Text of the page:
Dell said this week that it is providing funding and a private cloud infrastructure to support pediatric cancer research using gene-expression profiling and, eventually, next-generation sequencing.
The first project in the initiative is an ongoing clinical trial that aims to select targeted treatments for children with neuroblastoma based on their gene- expression profiles.
Dell is committing $4 million to the initiative this year, with plans to increase that amount in the future as the trial grows and as the company expands the effort to include other studies focused on other pediatric cancers.
This trial, which began at the end summer, is being conducted by the Neuroblastoma and Medulloblastoma Translational Research Consortium, the Van Andel Research Institute, the Translational Genomics Institute, and a number of other research institutes and hospitals.
The trial has enrolled three patients to date but plans to enroll 14. As BioInform sister publication Pharmacogenomics Reporter reported in June, the researchers will first conduct a feasibility trial, which will take between six and 12 months, to demonstrate that they can use gene expression profiling on the Affymetrix GeneChip to guide therapy for pediatric cancer patients (PGx 6/1/2011).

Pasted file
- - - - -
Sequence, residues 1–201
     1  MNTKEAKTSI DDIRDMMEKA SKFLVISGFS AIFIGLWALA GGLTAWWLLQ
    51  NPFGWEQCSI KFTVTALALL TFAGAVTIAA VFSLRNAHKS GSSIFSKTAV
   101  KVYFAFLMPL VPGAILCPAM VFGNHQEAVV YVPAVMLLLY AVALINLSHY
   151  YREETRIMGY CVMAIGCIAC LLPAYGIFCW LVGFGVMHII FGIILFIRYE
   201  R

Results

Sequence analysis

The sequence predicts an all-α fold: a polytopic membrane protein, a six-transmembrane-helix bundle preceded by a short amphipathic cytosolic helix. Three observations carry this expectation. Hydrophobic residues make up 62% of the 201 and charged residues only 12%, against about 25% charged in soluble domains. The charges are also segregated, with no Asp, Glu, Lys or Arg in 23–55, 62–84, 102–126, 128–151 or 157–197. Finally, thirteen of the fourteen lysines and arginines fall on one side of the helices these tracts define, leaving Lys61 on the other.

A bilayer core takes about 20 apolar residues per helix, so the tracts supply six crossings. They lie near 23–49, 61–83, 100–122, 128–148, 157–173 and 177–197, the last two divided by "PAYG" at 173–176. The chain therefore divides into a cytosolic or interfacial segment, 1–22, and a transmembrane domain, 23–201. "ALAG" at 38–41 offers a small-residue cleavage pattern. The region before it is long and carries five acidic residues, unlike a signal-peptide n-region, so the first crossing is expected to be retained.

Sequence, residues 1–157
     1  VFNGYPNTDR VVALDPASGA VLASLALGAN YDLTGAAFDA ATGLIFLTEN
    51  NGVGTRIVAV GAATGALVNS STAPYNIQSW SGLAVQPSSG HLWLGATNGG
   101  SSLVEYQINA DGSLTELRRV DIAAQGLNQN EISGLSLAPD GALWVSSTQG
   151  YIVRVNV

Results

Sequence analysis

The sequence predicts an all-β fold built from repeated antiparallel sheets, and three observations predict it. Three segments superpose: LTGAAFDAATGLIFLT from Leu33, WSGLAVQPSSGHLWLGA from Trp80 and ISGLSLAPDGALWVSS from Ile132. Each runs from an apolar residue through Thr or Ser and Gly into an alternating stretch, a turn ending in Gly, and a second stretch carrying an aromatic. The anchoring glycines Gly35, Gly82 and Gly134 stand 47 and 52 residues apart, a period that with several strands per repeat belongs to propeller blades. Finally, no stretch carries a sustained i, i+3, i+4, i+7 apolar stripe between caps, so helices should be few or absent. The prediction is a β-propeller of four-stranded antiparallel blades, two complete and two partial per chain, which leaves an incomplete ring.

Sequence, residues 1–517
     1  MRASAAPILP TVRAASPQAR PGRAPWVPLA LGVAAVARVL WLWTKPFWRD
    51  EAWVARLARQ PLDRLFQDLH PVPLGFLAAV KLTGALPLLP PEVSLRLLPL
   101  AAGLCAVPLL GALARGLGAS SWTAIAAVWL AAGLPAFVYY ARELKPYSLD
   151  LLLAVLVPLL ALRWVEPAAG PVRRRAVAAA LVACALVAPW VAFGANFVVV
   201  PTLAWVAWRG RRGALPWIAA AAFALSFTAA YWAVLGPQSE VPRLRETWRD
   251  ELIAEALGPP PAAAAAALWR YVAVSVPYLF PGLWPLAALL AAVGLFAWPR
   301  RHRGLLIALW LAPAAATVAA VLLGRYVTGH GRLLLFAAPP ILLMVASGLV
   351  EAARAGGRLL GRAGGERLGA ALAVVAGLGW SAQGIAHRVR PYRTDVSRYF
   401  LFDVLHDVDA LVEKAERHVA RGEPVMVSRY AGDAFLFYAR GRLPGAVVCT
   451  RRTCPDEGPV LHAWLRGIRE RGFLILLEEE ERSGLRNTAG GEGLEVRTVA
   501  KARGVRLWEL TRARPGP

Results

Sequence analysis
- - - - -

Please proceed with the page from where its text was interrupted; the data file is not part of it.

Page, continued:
Future stages of the trial will involve next-generation sequencing, organizers said this week.
In addition to the funding, Dell is providing a private cloud, which TGen will host, comprising PowerEdge blade servers, PowerVault storage arrays, Compellent Storage Center arrays, and Force10 network infrastructure. Dell also plans to install workstations at participating sites so that each center has dedicated hardware with which they can access the cloud.
Dell said the system will provide maximum performance of about 13 teraflops and is expected to provide a 1,200 percent increase in compute power over TGen's existing clinical compute cluster.
The platform will have 148 central processing units, 1,192 cores, 7.1 terabytes of RAM, and about a quarter of a petabyte of disk storage, Dell said.
The partners believe that the improved infrastructure will permit near-real-time processing of genomic information on patient tumors and prediction of the best drugs for specific patients.
A Collaborative Tool
In addition to speeding up the data analysis, the cloud infrastructure will also support collaboration among the physicians, genetic researchers, pharmacists, and computer scientists working in the trial, James Coffin, vice president and general manager of Dell's healthcare and life sciences division, said at an event announcing the investment that was held this week in New York.
Coffin said the trial infrastructure will support data from 12 US medical centers in its first year and 20 institutions the following year with plans to bring on additional centers at a later date.
The trial specifically targets relapsed patients who have exhausted all other therapy options without seeing an improvement in their condition, Giselle Sholler, the chair and co-director of VARI's pediatric cancer translational research program, explained during the event.